China taps Brazil for EV investment

BYD, the world’s largest electric vehicle manufacturer, has announced plans to establish an industrial complex in Brazil’s northeastern state of Bahia, signalling a political win for Brazilian President Luiz Ignacio Lula da Silva’s vision to “reindustrialise Brazil” with support from China. The Shenzhen-headquartered Chinese company intends to invest $600 million, creating over 5,000 jobs and producing electric and hybrid cars, electric buses, and trucks in Camacari, near Bahia’s capital, Salvador. The move marks another milestone in China’s ambitious automotive expansion abroad.

China’s involvement in Brazil’s automobile industry holds significant symbolism, with BYD opting to set up shop in an abandoned Ford factory and Great Wall Motor taking over an old Mercedes-Benz factory. Western car manufacturers like Ford and Mercedes-Benz have departed Brazil in recent years, contributing to the country’s deindustrialisation challenges.

Brazil presents attractive opportunities for Chinese automakers, with almost half of China’s current investments in South America being in Brazil, a middle-income country with a population of 203 million and a growing middle class. The lack of geopolitical tension between Brazil and China, in contrast to other regions, encourages Chinese manufacturers to see Brazil as an export platform for other South American countries.

In return for BYD’s investment, Brazil offers significant concessions, including a 95% value-added tax break until 2032, no car ownership tax for electric vehicles up to 300,000 reals ($62,375), and access to the nearby Aratu Port for importing raw materials and exporting products. Brazil also plans to improve road infrastructure to the port and consider removing property taxes in collaboration with Camacari city hall.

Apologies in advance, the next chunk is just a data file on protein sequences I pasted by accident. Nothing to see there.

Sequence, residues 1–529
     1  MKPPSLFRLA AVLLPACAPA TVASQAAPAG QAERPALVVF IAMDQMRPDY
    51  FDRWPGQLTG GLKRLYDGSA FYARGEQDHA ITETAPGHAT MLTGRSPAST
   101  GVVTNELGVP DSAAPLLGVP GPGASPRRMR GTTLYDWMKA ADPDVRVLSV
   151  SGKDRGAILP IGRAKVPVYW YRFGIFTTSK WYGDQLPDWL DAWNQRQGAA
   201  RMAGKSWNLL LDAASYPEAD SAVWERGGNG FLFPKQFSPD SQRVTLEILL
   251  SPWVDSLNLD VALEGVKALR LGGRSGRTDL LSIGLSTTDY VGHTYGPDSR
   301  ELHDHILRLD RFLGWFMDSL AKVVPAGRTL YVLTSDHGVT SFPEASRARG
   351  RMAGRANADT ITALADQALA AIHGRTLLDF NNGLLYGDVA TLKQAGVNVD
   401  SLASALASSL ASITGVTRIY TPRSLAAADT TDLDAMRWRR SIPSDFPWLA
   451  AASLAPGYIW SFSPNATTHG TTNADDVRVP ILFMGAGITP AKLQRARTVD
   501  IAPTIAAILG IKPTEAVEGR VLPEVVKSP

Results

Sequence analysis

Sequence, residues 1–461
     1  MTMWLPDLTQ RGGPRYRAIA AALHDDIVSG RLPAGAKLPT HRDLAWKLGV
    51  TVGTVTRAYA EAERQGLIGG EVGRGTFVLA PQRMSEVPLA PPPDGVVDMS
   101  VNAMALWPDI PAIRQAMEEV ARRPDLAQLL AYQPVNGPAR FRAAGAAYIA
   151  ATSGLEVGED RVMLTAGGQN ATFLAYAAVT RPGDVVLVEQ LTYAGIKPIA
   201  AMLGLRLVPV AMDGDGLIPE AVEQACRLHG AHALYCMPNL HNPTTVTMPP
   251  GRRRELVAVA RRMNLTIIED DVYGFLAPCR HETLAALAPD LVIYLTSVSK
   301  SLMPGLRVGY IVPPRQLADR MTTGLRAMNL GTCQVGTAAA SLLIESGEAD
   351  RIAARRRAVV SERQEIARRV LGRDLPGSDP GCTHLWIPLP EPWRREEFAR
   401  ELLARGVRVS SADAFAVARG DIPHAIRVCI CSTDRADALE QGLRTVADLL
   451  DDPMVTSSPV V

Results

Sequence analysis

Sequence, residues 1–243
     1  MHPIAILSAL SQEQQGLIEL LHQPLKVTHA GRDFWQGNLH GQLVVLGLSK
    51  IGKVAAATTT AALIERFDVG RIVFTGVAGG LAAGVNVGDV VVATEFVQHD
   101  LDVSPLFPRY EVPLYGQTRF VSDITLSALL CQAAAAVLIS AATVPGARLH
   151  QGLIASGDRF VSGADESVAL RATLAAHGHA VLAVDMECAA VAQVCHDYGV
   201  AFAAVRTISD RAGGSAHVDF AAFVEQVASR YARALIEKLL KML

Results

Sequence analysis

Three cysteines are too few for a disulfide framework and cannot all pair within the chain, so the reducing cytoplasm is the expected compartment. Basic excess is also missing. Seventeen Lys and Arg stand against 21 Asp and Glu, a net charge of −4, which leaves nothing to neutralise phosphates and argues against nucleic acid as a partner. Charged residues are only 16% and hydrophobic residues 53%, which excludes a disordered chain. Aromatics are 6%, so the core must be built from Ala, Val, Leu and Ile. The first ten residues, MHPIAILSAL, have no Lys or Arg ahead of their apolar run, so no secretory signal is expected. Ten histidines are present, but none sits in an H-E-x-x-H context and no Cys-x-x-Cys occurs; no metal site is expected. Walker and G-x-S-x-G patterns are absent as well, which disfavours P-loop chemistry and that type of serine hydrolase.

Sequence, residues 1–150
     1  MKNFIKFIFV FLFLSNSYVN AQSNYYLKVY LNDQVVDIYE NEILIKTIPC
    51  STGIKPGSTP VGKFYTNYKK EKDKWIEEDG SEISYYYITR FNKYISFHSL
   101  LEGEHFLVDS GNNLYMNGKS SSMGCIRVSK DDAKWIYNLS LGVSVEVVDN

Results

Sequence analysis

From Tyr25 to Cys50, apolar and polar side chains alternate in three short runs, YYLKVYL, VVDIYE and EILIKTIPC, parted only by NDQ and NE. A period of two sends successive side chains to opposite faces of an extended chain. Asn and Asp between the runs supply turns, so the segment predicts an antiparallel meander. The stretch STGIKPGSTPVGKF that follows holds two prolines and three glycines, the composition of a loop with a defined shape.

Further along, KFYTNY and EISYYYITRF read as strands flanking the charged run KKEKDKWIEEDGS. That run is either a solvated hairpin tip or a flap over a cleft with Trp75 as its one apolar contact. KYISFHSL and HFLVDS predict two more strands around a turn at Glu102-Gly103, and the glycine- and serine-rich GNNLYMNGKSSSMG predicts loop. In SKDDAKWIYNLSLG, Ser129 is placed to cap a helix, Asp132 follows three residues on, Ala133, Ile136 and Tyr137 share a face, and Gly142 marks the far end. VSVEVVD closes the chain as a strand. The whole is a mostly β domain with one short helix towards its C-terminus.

While Brazil’s electric vehicle market is still in its infancy, Chinese automakers believe they can establish themselves early and succeed in the long term. Chinese electric models, with their affordability, are more suitable for middle-income markets like Brazil, where consumers have limited budgets.

However, challenges lie ahead, including improving the country’s infrastructure to support electric vehicles and navigating geopolitical tensions. Experts caution that the rhetoric of China’s role in reindustrialising Brazil may be overstated, as no country has successfully achieved this goal. Despite generous tax breaks, concerns persist about the sustainability of profits for car companies in Brazil over the long term. Nonetheless, the collaboration between Chinese carmakers and the Brazilian government is set to bring new energy to the nation’s automotive industry.

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